Being able to live in a 365 square foot 5th wheel camper full time as a married couple and enjoy it takes a rare breed, or so I’ve been told. Living in an RV presents the challenges of getting accustomed to small rooms, limited storage, very little privacy, planning on things moving when you relocate and most of all and cleaning constantly. RV’s are not made to be lived in FULL TIME and other than this past year, J.O has been in our 2006 Forest River Cardinal full time since 2007 and we’ve been living in it together full time since 2009. Needless to say, our little home on wheels has been loved and lived in full time for over 6 years. Even though we have tried to make it our own with various decorating skills, we wanted to take it to the next level. Read about our other DIT camper upgrades HERE. When we decided that we would be heading back to California for work, we both decided on a whim that our very lived in 5th wheel needed a much-needed facelift.
When J.O and I sat down and spoke about what all we wanted to get done, the number one priority was our floors. The nasty carpet that was throughout the camper was gross, I mean icky. I had been renting a Rug Dr. every other month, but it hadn’t been able to keep up. Along with new floors, we also decided that our project would include:
- Remove all carpet and replace with laminate and trim
- Refinish all cabinets and woodwork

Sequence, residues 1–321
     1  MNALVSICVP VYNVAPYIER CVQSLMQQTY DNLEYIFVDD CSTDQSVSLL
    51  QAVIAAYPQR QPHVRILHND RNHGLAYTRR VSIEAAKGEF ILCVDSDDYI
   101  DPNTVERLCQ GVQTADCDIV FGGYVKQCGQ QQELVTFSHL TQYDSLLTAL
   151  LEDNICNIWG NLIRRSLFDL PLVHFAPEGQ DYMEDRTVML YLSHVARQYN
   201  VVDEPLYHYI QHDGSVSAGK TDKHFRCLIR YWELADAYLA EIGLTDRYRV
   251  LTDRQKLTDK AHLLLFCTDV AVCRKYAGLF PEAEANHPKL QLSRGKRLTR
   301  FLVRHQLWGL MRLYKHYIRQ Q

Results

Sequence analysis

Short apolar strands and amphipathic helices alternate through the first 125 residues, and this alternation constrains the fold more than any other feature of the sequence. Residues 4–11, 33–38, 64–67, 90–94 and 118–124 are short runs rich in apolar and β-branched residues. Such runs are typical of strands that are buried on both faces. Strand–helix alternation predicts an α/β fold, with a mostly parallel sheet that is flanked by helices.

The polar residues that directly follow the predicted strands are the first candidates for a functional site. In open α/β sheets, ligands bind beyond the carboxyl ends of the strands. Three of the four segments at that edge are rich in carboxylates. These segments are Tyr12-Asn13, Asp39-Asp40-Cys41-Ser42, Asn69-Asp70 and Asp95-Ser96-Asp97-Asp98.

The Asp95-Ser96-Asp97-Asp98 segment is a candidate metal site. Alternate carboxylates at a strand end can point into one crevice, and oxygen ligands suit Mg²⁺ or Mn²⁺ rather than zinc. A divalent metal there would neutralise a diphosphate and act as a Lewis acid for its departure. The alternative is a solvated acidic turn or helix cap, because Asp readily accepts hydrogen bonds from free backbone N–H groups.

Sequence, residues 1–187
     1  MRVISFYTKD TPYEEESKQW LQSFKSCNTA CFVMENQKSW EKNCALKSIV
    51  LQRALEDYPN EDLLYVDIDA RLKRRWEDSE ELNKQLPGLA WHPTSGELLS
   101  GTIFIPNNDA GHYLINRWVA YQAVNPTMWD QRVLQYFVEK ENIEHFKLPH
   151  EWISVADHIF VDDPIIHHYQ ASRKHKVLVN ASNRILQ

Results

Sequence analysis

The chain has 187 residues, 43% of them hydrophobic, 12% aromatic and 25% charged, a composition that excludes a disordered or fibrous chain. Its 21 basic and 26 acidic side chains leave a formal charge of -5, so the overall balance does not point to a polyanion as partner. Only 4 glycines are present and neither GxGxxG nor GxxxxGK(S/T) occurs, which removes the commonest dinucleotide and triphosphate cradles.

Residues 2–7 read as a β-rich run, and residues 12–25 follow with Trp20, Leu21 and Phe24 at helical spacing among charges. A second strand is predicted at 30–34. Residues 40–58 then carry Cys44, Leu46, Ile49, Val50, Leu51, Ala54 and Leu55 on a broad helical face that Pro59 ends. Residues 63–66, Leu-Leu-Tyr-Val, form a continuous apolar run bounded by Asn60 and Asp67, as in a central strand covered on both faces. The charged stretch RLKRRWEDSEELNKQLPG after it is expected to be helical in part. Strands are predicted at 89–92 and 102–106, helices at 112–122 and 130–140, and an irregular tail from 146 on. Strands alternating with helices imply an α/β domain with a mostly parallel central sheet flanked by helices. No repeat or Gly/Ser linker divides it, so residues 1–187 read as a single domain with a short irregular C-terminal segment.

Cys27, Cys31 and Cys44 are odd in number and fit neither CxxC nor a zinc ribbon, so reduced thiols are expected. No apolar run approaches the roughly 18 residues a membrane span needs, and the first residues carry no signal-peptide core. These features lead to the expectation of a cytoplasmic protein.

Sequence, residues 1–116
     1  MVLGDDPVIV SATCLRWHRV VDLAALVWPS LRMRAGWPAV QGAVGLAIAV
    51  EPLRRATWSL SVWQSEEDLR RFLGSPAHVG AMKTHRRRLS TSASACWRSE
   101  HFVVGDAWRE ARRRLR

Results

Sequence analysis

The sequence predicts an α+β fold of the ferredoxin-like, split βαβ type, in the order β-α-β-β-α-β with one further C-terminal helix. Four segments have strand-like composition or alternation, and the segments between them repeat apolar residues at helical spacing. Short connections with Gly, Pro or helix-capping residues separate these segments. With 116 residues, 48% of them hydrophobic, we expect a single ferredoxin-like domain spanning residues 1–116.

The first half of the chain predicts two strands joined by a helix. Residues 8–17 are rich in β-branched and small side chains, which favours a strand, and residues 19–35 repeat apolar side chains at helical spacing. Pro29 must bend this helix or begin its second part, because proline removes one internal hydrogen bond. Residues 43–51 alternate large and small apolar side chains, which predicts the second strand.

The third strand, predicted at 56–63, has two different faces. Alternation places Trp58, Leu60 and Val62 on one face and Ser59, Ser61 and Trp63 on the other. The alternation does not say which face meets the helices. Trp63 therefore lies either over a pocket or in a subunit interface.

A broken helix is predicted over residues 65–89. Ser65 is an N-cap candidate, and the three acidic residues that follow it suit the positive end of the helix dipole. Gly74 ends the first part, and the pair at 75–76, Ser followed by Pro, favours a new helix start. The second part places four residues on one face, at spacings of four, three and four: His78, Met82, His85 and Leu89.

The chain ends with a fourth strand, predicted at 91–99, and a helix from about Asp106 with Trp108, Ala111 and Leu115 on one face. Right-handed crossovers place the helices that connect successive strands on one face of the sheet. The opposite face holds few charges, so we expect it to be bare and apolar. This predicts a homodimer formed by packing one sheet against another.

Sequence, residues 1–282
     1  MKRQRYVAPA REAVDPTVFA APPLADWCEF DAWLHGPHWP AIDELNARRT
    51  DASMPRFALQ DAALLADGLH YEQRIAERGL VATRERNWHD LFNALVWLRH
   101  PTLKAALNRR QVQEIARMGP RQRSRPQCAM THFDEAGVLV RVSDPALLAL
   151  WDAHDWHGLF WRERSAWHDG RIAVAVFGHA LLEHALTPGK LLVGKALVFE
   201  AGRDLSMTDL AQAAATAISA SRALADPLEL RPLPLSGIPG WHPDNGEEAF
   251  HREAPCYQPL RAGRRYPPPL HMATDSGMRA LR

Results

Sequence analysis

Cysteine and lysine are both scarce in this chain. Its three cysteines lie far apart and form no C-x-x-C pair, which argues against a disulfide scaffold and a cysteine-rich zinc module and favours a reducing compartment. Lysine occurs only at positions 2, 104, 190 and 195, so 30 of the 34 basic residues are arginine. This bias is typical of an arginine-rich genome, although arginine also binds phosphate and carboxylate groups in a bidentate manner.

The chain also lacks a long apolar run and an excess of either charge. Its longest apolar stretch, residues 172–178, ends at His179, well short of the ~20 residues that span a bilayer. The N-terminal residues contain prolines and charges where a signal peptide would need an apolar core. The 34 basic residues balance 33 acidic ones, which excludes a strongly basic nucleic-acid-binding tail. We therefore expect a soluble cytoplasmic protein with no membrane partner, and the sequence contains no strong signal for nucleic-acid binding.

- Replace all window treatments
- Reupholster weird carpet areas on walls that have to stay.
- Paint all walls
- Replace all furniture: sofa bed, recliner, dinning room table and chairs
- Create a backsplash in kitchen
- Reorganize and downsize all belongings
J.O and I had spoken about what kind of theme we wanted to go with and had both decided in order to make that area appear to be larger, we would go with a light and airy color scheme. We both love the beach and after having lived in Hawaii and on the coasts of California, we had a lot of beach memorabilia; therefore, we planned on a light and airy beach theme. We looked through a few magazines and found a paint color we loved (Blue Bonnet by Benjamin Moore) and agreed on white cabinets, woodwork and lighter maple floors. The vision had been set! Oh, and did I mention that with our projected departure date we would have roughly 5 weeks to complete all this? Uft-dah! Luckily, I was super excited, motivated and ready to get started ASAP! I made up a timeline sheet for myself and got on it.
I started by getting going on the demo; taking down all of our cabinet doors and drawer faces, labeling them and removing all the hardware. I was shocked to discover that we have 49 cabinet doors and drawer faces! All of these were brought to my parent’s spacious basement for refinishing. J.O then helped me remove all the furniture from the camper and we were able to donate some of it and the other items that were extremely “loved” were brought to the dump. Finally, I ripped down all those ugly window treatments and started to pull up the existing carpet. Ripping up the carpet gave me a reminder why we never had it installed in our Wisconsin home: it’s disgusting. Besides the fact that my skin broke out in hives from all the chemicals and fiberglass that was in it, the amount of dirt and dust that lay dormant under it was disturbing. Gross. Ripping the carpet up for the most part was pretty simple; nothing was glued down or stapled down to contact strips so I simply used a razor and my hands. There were areas that I had to use a utility knife and cut out because cabinets were built on top of the carpet and they could not be removed. After everything was removed I started to tape the areas that needed to be protected for when I refinished the woodwork in the camper and areas for when I painted the walls.